God’s people did not suddenly become pliant and merciful in the first century. It began long before. David is a prime example in his careful treatment of Saul, a mad king who was out to destroy him. Maybe that is where the little maiden learned her first lessons about mercy.
We do not know exactly when, how, or where, but a band of Syrian soldiers raided an Israelite town and took many people captive, among them a little girl. Eventually she wound up in the home of Naaman, the captain of the very army who kidnapped her and possibly even killed members of her family, serving his wife. I don’t know how old she was, but she was probably far older in mind and actions than children her age nowadays because of what she had been through. She was old enough to remember her homeland and to know about the power of God and his prophet Elisha.
Soon she discovered that her new master had leprosy, a disease so dreaded in her own country that the people who had it were sent away and quarantined. What would you have thought? “Good! Serves him right. Get him, God.” I can easily see those thoughts going through my mind, especially if the last view I had of my home was painted with the blood of my family. What was the last thing you wanted to “get even” with someone about? Can it even hold a candle to what this girl must have experienced?
But no, she tells her mistress, Would that my lord were with the prophet who is in Samaria! He would cure him of his leprosy, 2 Kings 5:3.
Excuse me? This man is an enemy of God’s people, at that time a physical kingdom with physical enemies. God’s standing orders often included wiping out those enemies. Yet she wants to save this man, who could easily kill more of God’s children? She was obviously too young to know what she was doing.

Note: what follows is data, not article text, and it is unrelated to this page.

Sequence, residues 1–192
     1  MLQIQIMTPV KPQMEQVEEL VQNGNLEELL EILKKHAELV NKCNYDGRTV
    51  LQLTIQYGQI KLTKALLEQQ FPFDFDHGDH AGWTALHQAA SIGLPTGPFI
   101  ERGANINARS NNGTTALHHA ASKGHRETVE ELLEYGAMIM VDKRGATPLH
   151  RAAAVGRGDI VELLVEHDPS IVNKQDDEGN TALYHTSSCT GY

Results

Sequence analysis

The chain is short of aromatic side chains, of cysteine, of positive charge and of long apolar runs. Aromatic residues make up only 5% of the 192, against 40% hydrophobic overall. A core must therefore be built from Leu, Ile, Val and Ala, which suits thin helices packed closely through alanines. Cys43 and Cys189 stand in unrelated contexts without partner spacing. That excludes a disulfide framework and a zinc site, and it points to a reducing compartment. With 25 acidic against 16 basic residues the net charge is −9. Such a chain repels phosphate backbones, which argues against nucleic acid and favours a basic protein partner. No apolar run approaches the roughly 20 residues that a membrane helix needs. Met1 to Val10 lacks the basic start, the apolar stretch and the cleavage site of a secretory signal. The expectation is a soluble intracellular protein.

But Elisha wasn’t. And God certainly knew whom he was healing as Naaman dipped himself into the Jordan River. This was no mistake caused by a naïve child. The mercy she showed was exactly what God wanted of her.
And so the unexpected result, mercy from a captive toward her captor, made for yet another unexpected result. Naaman, the heathen army captain, said, Behold now I know that there is no God in all the earth, but in Israel, v 15.
Sometimes in our zeal to fight for God, we forget that He knows best. When will we ever learn that with God, we should expect the unexpected?
You have heard that it was said, you shall love your neighbor, and hate your enemy: but I say unto you, love your enemies, and pray for those who persecute you; that you may be sons of your Father who is in heaven: for he makes his sun to rise on the evil and the good, and sends rain on the just and the unjust. For if you love those who love you, what reward have you? Do not even the publicans the same? And if you salute your brethren only, what do you more? Do not even the Gentiles the same? You therefore shall be perfect, as your heavenly Father is perfect, Matt 5:43-48.